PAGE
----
Subsurface control valve 10 is run into the well bore as shown in FIGS. 1A-1C, at the end of a pipe or tubing string 6. A packer 16, such as the Halliburton Services RTTS Packer, is run in the string directly below subsurface control valve 10. By way of example and not by way of limitation, the operational parameters of the RTTS Packer will be used to describe the operation of subsurface control valve 10. Specifically, packer 16 is a righthand set packer with a hydraulic hold-down to engage the casing in response to pressure below the packer, and an automatic J-slot to permit retrieval of the packer by an upward pull of the pipe string without rotation.
Subsurface control valve 10 is located at the desired well bore depth, at which time packer 16 is set with righthand rotation of pipe string 6. As subsurface control valve 10 is run into the well bore, apertures 126 are aligned with apertures 148, allowing fluid in the well bore to move freely through packer 16 and pipe string 6. After packer 16 is set, pipe string 6 is rotated to the left, which backs off the threads 70 of seal mandrel 58 from the threads 93 of upper body 92, as seal mandrel 58 is slidably splined to the interior of bearing support 26. This results in the "stinger" portion of the stinger assembly, comprising seal mandrel 58 and mandrel retainer 56, compressing spring 46 against shoulder 50 in upper adapter 22, the exterior of the stinger assembly comprising upper adapter 22 and bearing support 26 with its bearing assembly being held in contact with valve assembly 90 by the weight of pipe string 6. As seal mandrel 58 backs off from valve assembly 90, annular incline 82 on seal mandrel 58 contacts protrusions 138 on spring fingers 136 at the top of sliding valve 134, and pulls sliding valve 134 axially upward, sliding valve 134 being guided by the interaction of splines 118 and spring fingers 136. When protrusions 138 of spring fingers 136 reach beveled annular surface 103 on circulating body 102, the outward bias of spring fingers 136 forces protrusions 138 into contact with surface 103 and away from annular incline 82 and seal mandrel 58, as shown in FIGS. 2A-2C. In this position, apertures 148 are above apertures 126 in valve housing 120, and seal rings 150 and 152 bracket on sliding valve 134 bracket apertures 126, isolating seal mandrel bore 146 from lower bore 162. The well bore below packer 16 is now isolated from both pipe string 6 and annulus 18 above packer 16.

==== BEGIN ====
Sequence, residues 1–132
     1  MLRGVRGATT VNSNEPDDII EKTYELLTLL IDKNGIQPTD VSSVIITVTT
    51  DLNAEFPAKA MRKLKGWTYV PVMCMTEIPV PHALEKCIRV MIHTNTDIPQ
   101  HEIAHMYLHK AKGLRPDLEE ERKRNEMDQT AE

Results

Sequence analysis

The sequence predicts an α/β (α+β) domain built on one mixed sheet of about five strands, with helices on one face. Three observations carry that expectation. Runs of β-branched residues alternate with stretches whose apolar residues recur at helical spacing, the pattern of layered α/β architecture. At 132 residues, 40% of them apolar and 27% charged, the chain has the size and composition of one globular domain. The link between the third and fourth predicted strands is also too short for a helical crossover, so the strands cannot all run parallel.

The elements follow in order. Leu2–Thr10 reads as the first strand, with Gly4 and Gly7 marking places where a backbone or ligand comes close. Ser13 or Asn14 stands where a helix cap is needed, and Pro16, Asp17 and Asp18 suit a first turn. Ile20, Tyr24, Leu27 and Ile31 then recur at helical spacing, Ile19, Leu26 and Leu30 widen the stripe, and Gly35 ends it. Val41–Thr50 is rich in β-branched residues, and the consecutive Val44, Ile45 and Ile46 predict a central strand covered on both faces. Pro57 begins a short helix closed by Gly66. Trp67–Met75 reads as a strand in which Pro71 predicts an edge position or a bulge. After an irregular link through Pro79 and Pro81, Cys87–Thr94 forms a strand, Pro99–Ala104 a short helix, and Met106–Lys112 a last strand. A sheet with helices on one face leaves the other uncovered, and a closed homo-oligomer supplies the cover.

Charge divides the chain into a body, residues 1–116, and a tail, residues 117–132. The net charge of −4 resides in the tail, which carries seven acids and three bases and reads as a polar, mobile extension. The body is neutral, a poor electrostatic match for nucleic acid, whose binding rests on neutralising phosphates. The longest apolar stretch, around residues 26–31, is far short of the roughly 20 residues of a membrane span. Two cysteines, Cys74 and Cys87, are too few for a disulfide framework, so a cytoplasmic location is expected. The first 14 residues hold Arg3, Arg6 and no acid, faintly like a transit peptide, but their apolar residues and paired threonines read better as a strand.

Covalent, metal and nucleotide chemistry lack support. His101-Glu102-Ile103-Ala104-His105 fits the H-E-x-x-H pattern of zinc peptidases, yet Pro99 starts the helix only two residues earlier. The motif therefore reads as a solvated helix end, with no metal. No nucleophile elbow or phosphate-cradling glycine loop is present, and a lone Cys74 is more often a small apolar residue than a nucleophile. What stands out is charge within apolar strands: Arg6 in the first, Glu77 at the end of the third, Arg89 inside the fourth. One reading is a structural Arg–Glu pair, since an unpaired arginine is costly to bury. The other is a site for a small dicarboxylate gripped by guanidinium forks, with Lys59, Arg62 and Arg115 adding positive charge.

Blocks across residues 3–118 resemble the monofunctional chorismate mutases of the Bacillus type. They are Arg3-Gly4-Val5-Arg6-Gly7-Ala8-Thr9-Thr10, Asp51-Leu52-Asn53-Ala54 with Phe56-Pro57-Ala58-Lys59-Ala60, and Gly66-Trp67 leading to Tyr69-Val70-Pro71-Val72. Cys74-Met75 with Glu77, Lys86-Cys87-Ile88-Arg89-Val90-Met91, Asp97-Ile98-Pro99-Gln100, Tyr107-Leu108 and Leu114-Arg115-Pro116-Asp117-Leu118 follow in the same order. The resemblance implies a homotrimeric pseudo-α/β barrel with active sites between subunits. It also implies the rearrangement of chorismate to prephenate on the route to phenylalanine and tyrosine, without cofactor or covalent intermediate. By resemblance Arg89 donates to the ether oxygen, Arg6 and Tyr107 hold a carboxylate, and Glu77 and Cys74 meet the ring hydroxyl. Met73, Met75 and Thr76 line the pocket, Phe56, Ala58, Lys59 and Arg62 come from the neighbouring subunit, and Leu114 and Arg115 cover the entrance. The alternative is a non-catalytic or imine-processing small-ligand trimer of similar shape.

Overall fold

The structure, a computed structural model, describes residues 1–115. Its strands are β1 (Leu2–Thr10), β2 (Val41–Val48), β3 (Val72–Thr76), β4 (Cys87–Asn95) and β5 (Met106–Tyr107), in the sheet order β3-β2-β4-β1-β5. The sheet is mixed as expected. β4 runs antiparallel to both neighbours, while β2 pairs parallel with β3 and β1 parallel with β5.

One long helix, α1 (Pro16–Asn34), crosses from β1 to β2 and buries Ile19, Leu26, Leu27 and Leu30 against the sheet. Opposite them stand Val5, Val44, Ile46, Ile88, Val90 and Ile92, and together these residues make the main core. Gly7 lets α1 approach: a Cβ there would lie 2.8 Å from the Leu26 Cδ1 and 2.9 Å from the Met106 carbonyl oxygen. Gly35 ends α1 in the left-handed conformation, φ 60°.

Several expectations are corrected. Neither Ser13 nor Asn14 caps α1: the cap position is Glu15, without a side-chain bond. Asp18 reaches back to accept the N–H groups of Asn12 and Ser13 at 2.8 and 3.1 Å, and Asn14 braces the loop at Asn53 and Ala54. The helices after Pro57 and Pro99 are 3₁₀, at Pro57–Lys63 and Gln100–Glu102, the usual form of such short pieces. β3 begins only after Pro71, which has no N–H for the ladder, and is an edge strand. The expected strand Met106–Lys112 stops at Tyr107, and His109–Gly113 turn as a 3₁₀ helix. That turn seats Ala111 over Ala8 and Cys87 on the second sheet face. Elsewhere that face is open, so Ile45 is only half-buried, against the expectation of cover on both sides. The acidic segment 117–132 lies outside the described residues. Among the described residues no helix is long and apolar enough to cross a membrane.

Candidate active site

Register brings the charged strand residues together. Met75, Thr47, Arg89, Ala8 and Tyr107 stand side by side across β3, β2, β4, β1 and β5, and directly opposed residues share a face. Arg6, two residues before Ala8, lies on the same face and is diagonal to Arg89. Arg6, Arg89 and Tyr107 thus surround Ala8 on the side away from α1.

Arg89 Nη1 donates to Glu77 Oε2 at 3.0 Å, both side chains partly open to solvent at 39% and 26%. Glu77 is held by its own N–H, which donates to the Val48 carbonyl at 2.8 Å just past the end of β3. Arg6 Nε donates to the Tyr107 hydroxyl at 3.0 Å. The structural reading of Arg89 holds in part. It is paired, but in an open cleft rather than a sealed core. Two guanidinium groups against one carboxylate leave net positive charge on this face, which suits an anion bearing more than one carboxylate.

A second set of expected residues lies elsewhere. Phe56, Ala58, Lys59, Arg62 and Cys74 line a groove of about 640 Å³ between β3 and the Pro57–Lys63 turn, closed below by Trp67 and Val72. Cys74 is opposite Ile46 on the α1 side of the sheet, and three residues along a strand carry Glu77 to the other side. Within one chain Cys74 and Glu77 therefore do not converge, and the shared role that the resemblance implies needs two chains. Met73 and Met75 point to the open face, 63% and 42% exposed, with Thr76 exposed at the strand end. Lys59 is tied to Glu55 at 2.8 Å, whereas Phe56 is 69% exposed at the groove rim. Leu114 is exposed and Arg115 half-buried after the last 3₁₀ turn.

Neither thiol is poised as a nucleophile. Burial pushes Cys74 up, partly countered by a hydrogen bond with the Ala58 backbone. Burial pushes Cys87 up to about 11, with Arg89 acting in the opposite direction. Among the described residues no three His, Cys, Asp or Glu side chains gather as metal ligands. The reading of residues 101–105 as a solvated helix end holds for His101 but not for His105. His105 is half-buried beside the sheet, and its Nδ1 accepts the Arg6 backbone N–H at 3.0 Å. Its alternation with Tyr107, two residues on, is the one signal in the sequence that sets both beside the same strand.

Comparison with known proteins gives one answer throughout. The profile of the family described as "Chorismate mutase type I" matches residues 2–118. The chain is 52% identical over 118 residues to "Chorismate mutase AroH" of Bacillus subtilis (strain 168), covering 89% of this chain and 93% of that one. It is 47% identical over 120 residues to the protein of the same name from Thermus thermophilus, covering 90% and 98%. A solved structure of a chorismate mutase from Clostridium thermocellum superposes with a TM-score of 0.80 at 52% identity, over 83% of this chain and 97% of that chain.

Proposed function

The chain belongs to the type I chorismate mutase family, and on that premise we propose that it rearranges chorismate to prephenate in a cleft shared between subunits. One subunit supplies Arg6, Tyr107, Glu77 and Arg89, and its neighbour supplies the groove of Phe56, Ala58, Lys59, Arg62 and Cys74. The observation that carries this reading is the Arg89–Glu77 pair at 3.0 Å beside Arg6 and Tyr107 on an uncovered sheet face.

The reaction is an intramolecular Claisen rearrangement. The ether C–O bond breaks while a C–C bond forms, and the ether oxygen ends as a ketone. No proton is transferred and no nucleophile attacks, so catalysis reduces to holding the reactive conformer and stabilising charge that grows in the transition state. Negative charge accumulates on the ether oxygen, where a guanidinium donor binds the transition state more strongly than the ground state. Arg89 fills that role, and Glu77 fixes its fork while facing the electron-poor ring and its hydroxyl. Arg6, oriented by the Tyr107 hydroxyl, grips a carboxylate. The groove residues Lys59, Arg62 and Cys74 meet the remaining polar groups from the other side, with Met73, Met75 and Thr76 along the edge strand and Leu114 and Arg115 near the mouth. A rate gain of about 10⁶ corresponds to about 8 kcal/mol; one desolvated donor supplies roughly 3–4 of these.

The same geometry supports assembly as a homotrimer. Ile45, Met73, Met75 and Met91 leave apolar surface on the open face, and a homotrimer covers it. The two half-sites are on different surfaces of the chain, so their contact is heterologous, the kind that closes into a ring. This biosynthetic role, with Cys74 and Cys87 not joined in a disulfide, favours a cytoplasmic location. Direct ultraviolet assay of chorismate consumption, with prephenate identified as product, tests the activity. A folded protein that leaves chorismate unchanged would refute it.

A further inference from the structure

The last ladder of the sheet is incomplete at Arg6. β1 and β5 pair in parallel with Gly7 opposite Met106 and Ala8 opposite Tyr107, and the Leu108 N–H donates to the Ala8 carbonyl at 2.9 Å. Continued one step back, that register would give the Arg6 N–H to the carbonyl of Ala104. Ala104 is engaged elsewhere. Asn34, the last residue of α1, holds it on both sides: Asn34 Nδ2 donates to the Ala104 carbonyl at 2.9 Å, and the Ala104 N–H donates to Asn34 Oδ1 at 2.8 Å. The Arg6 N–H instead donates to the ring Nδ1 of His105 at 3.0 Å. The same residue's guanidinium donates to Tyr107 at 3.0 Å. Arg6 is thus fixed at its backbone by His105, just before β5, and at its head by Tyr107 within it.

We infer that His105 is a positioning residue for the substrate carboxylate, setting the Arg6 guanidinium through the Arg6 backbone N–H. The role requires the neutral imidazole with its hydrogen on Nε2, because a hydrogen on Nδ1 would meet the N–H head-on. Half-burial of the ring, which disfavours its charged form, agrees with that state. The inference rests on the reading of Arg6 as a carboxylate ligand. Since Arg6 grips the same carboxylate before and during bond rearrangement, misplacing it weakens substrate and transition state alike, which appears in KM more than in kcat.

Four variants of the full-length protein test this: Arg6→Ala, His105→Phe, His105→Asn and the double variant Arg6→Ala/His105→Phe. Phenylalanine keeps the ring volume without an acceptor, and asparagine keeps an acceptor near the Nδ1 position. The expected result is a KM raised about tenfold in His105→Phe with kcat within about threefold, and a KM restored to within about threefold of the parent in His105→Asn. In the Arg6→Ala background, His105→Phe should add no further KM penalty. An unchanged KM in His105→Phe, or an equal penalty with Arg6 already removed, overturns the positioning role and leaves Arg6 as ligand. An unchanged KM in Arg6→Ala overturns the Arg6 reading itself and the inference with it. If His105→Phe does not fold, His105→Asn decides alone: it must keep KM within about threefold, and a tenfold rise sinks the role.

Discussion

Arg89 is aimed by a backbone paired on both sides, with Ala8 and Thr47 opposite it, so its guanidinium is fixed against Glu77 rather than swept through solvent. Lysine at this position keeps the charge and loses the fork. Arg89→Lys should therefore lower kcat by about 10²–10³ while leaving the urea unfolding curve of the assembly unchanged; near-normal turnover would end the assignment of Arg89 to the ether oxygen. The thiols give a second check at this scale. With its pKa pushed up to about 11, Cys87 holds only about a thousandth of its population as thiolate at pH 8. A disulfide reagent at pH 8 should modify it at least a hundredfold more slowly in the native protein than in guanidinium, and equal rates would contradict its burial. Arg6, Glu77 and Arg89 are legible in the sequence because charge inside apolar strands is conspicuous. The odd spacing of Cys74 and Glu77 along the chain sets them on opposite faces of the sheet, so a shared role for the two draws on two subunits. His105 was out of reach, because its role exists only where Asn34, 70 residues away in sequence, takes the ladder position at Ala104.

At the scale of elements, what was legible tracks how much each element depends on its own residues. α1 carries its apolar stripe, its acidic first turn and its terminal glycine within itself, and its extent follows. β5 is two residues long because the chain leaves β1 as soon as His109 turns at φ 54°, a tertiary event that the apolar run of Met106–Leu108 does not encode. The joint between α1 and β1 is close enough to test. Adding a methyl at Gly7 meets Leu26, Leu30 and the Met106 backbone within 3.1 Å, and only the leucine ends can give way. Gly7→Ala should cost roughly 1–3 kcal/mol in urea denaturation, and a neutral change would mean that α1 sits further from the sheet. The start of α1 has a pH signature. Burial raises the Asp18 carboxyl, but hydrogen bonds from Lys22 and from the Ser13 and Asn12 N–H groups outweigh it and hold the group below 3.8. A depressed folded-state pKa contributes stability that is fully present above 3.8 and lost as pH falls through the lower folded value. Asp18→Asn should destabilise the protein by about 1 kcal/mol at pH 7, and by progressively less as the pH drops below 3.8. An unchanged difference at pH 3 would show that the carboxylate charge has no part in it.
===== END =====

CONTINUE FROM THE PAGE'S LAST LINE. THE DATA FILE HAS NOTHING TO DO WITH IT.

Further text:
As rotation of pipe string 6 and stinger assembly 20 continues, aided by bearing 30, threads 70 on seal mandrel 58 become completely disengaged from threads 93 of upper body 92. When O-rings 74 on seal mandrel 58 reach short cylindrical bore 94 in upper adapter 92, the fluid seal between stinger assembly 20 and valve assembly 90 is broken, occurring slightly before the disengagement of threads between seal mandrel 58 and upper body 92. Pipe string 6, with stinger assembly 20 is raised to the surface (FIG. 3A), closed valve assembly 90 and the remainder of the pipe string below packer 16 being supported in casing 12 by the packer slips. The hydraulic hold-down on packer 16 prevents movement of the packer in casing 12 responsive to fluid pressure from below. Valve assembly 90 (FIGS. 3A and 3B) may be left in the casing throughout a storm or repair operations to a blowout preventor, being maintained in a closed position by the outward bias of spring fingers 136 of sliding valve 134.